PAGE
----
Social Similarities: Yammer, Facebook, and Why They Look Alike
If you’ve used Yammer and Facebook recently, you’ve probably noticed our similarities. In fact, if you are a regular user of both, you may even find that using one naturally prepares you to use the other. This feeling of familiarity, of course, is by design. For today’s user interfaces, there’s no such thing as plagiarism– only seamless, simple usability.
Yammer and Facebook share a lot of visual and interactive design elements, a natural consequence of the fact that Facebook and Yammer are both solving similar problems with similar product development methodologies. Generally speaking, Facebook’s mission is to empower people to share and connect with their friends and family. Yammer’s mission is to empower employees to share and connect with each other and their company. Given that the first two thirds of those sentences are the same, its no surprise that Yammer and Facebook have very similar interfaces.
The minimalist design aesthetic that dominates both products is a direct result of a shared velocity-centric and data-driven approach to UI design. One of Facebook’s engineering mantras is “Move fast and break things”. Although we at Yammer are less keen on breaking things because of our enterprise audience, moving fast is certainly one of the most essential virtues of our product development and engineering culture.
The reason for that is inherent in our freemium business model. Ultimately Yammer, like Facebook, depends on voluntary user adoption in order to be successful—a hallmark of consumer software that is brand new to enterprise. We believe that employees must voluntarily use social business software and demonstrate the value to each other and to the business before the company should pay for it— not the other way around. And since sharing with your coworkers isn’t something that an IT department can mandate, we rely on our users themselves to constantly design and redesign our product. But how?
We depend on a consumer-inspired software development cycle that prioritizes usability and accessibility above all else. Like Facebook, that means we prioritize features that are intuitive and easy to adopt for new and casual users who are the majority over features that are custom and complex for a minority of advanced early adopters and power users. Doing the opposite would undermine the simple, flexible and “social” nature of our product— that which sets us apart from the costly pitfalls of bulky, traditional enterprise software. And as you can imagine, this requires a very different development methodology.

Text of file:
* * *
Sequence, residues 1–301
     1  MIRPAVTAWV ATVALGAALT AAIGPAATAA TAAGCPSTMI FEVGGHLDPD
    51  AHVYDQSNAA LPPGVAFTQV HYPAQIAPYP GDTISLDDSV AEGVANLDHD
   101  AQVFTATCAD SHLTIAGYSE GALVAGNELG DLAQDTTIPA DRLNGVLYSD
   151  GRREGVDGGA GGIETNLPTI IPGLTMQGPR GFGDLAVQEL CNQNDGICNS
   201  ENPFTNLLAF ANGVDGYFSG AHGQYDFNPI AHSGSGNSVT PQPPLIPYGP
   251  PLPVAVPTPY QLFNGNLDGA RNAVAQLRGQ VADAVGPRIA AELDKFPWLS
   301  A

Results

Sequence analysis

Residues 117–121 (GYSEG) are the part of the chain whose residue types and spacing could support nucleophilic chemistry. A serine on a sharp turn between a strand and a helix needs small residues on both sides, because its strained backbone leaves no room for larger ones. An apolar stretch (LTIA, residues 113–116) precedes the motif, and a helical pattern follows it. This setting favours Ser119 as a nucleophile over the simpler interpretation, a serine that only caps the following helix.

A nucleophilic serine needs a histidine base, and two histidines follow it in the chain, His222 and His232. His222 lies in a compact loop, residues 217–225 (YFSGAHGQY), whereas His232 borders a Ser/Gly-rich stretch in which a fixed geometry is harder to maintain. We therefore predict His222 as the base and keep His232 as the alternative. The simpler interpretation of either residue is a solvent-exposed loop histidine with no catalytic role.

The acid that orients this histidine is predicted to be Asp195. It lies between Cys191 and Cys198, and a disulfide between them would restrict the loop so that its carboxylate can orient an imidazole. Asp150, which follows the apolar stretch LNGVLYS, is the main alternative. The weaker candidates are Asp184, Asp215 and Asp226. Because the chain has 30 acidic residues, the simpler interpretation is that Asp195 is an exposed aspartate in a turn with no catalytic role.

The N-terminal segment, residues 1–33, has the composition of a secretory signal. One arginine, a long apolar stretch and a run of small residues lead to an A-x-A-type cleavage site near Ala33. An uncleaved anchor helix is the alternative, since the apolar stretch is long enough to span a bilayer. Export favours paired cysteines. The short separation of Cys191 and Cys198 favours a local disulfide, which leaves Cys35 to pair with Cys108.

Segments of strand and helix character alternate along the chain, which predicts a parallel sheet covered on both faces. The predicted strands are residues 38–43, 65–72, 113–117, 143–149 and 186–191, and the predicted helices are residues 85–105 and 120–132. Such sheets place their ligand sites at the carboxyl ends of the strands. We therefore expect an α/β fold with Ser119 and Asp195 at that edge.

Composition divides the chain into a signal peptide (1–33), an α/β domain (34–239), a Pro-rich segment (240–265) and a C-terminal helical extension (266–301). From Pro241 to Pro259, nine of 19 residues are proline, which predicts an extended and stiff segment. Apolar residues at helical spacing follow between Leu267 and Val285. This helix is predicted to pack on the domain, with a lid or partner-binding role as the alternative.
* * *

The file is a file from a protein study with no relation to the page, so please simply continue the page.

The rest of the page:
Keeping our product agile and usable to an ever-evolving user majority requires a highly iterative, data-driven software cycle. We make fast and furious changes to the product on a weekly basis so that we can send a minimum viable product to market, measure the effect (particularly on key metrics like engagement and retention), make improvements and repeat as quickly and as frequently as possible. Pioneered by consumer software companies like Facebook, this iterative and incremental approach to development is very different from that of most enterprise software companies, who tend to release brand new, fully developed features once a quarter, once a year or even once every few years. We like to think that it’s our product’s job to keep up with our users rather than forcing them to keep up with it.
This new way of building software for enterprise is called consumerization. Facebook executes this approach expertly for their consumer audience. Their UI is famously well-tested and modified constantly according to usability test results. They are known to A/B test most elements of their interface, including navigation, button placement, badge count colors, and even things like delay time between hovering over a feature and the appearance of the hovercard.
We at Yammer also rigorously test all UI elements across our large freemium user base. We then make quick product decisions based on which features get traction from the largest majority of users. If a large number of Yammer users start using it when it first hits the UI, chances are we’ll look to develop it further. This helps our enterprise product to stay strictly user-focused and constantly ahead of the curve, with all our resources focused on the most impactful features. Many other enterprise software UIs may look completely unique in every way—but chances are, that’s because user adoption isn’t #1 on their list of success metrics.
Since both Facebook and Yammer depend on our users to directly drive our product based on what they want to use the most, it’s no coincidence that the two interfaces look a lot alike. A good number of Yammer users are also Facebook users, making it more natural for them to navigate seamlessly between two similar UIs with a familiar look and feel. Knowing this, Yammer’s product design team will consciously include Facebook’s implementation as one of the options for consideration when testing a new feature with users. But because Yammer’s ever-evolving product is truly data driven, the users themselves ultimately decide the final design simply by using (or not using) the features.
As more and more software companies put users at the wheel of UI design, we at Yammer think that the name of the game is being unique where it matters most and familiar for all the rest.
*This post was originally inspired by this question posted on Quora.